Brian Viloria is a 32-year-old American, a former Olympian and a pro's pro. He's had three stints as a world champion covering two divisions. He's one of the most fun fighters in the world to watch.
Yet, he's never fought live on either of the major boxing networks in the U.S. – HBO or Showtime. On Saturday, he'll defend his WBA/WBO flyweight title against Juan Francisco Estrada as part of Top Rank's first foray into the Chinese market at the Venetian in Macau.
The fight card will go live Saturday in Macau at 6:30 a.m. ET, but will be televised on same-day tape delay on HBO2 at 2 p.m. ET/PT, marking Viloria's big-time debut in many ways.
That it took Viloria well over a decade to get to this point is baffling. The major U.S. promoters haven't put the kind of time and money into the classes below featherweight that they have into the middle- and upper-tier classes, and, as a result, the fighters' image suffers.
The television networks haven't been eager to gamble on them, either. When current HBO Sports president Ken Hershman was running the boxing programming at Showtime, he made the choice to air lighter weight fighters.
At the time Hershman agreed to broadcast the first Rafael Marquez-Israel Vazquez super bantamweight title fight in 2007. It was extremely rare that 122-pounders would be featured as a main event.
He was rewarded with two Fights of the Year and one of the greatest rivalries in modern boxing history.
It would have seemed to teach all of those in boxing a lesson, but sadly, it did not. More than six years have passed since that electric night in Carson, Calif., when Vazquez and Marquez first tangled, and still, it's rare that fighters under 122 are featured on the premium cable networks.
Viloria, whom many regarded as the best fighter in 2012, has no explanation for the lack of recognition smaller fighters receive in the U.S. He's only fought once in the continental U.S. in more than four years, preferring to go to where the smaller fighters are appreciated.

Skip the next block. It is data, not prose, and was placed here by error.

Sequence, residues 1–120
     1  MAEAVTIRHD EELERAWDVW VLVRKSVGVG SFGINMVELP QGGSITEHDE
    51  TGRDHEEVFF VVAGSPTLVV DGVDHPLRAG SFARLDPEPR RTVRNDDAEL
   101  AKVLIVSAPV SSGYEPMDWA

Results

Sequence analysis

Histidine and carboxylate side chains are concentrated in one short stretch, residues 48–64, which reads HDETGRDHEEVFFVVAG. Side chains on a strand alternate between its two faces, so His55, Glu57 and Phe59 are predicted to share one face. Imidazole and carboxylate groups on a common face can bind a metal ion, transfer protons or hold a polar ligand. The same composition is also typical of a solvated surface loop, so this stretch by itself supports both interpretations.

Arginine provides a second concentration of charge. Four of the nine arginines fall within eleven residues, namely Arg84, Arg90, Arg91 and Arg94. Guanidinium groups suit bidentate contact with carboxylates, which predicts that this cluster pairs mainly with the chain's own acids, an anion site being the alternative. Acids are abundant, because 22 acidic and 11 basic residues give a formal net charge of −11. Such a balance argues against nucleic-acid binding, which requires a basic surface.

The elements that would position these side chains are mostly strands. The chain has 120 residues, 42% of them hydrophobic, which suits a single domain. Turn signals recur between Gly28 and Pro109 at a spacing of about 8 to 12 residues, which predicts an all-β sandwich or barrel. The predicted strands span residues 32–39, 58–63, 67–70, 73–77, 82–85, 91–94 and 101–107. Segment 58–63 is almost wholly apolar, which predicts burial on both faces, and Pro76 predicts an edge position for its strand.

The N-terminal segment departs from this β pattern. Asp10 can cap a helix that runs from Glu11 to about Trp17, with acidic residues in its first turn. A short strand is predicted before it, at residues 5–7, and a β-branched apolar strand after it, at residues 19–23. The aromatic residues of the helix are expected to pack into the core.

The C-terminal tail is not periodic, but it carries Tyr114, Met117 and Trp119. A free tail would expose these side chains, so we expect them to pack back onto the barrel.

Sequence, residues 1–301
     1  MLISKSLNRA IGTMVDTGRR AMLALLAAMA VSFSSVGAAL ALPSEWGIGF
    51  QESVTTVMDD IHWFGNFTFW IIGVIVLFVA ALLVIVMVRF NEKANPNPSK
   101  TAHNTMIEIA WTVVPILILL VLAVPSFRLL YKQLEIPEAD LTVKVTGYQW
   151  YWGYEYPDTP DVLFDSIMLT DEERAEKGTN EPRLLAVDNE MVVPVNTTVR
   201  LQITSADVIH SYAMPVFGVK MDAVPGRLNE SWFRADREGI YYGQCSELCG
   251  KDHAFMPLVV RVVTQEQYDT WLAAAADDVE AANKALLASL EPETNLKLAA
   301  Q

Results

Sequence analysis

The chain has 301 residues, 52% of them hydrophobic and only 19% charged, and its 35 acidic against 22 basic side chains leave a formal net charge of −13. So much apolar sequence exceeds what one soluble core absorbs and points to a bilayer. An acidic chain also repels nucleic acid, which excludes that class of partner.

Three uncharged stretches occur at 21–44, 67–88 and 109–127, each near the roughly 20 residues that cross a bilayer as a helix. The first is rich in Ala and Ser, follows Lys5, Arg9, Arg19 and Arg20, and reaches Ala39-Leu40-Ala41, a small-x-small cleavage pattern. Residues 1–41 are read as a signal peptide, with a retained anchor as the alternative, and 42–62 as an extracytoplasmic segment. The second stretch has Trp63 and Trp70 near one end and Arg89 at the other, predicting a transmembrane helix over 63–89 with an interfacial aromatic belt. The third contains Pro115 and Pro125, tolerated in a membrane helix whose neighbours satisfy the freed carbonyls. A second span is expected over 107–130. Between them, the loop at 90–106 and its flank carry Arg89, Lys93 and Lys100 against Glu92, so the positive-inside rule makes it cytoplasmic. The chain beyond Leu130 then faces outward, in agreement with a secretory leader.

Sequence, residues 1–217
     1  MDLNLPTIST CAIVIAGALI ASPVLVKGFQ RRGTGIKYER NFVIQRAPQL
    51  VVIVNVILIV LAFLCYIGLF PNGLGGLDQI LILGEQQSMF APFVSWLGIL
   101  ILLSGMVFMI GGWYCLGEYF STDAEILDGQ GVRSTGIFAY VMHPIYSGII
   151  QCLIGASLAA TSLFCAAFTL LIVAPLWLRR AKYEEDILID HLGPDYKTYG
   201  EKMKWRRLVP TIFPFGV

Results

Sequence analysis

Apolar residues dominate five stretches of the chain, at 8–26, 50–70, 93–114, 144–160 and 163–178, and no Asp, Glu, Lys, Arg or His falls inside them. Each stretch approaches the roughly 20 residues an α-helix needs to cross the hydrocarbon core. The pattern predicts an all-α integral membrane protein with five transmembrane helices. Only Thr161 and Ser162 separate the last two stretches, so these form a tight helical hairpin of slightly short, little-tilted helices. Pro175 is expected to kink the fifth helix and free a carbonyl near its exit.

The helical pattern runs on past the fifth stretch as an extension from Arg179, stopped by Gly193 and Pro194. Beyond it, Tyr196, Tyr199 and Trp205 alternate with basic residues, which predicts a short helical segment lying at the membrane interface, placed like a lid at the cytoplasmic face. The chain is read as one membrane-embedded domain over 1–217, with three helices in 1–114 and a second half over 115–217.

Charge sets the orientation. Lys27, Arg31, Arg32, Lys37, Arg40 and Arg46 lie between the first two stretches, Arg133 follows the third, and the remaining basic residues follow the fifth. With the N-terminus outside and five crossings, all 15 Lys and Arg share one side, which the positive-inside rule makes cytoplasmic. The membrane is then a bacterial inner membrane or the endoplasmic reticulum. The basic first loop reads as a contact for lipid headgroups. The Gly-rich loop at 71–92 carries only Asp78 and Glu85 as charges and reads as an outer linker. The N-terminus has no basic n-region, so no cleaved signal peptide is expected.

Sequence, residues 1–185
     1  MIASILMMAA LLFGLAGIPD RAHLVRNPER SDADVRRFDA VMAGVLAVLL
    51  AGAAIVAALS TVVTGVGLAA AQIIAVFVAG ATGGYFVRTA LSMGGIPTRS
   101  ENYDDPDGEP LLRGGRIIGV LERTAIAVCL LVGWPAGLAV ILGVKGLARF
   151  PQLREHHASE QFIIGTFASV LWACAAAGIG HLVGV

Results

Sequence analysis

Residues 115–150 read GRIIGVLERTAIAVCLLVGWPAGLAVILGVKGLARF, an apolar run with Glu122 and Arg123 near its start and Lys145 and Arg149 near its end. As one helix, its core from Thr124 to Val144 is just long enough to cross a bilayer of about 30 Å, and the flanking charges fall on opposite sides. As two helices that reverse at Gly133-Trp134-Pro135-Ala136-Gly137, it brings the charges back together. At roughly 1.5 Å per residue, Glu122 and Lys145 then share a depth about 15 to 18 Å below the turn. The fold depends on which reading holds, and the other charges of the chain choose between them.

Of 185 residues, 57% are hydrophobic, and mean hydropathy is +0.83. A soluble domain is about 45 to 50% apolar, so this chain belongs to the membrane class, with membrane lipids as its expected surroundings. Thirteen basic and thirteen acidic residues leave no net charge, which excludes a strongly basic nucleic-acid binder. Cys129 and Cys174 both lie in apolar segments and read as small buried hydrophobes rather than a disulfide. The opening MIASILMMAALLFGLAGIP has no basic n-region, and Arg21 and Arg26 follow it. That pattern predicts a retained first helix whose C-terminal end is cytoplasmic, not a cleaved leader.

"I don't get it; I was hoping you could tell me [why Americans don't seem interested in smaller fighters]," Viloria said. "My last four or five fights, I feel, have been HBO-worthy, and I'm glad they're taking notice now."
Last month, HBO announced that it would no longer do business with fighters promoted by Golden Boy. That was seen as an opportunity for promoters who weren't getting many dates on the network.
Hopefully, though, part of what comes of the HBO-Golden Boy split will be opportunities for fighters like Viloria.
For those who catch a break and gain the notice of a significant promoter or one of the television networks, boxing is a wonderful sport filled with great opportunities. It's a vicious, difficult road filled with heartache, hurt and low pay, though, for those who haven't broken through.
Some fighters can't take it, especially after giving the greater part of their lives to chasing stardom. And Viloria had his moments in which he pondered whether it was time to move on to the next phase of his life.
"I'd be lying if I said that it didn't cross my mind [to give up the dream]," Viloria said. "But at the same time, I still have the passion for it. I love doing this. I've been doing this since I was very young. I tend to not look at things in a negative light and think about what hasn't gotten right or what hasn't worked. I tend to enjoy it and be thankful for what it has given me.
"At this stage of my career, I don't have a lot of time left. But I feel like I have a lot of great fights still to give, so I want to take advantage of that."
His last outing, a win in November over Tyson Marquez, was one of the runners-up for the 2012 Yahoo! Sports Fight of the Year. The bout Saturday with Estrada could be more of the same.
Estrada, who is coming off a loss to the highly regarded Roman Gonzalez, is an energetic fighter who will push Viloria.
Viloria, though, showed he has what it takes to win that kind of fight when he handled Marquez.
If he puts on a show Saturday against Estrada, and odds are that he will, hopefully he'll have proven he deserves a regular spot in HBO's rotation.
And even more significantly, hopefully Viloria on Saturday and Nonito Donaire and Guillermo Rigondeaux on April 13 can convince the HBO brass that the lighter weight fighters are more than worth showcasing.
A great fight is a great fight, no matter the class, and the lower-weight fighters tend to put on a higher percentage of great fights than any other.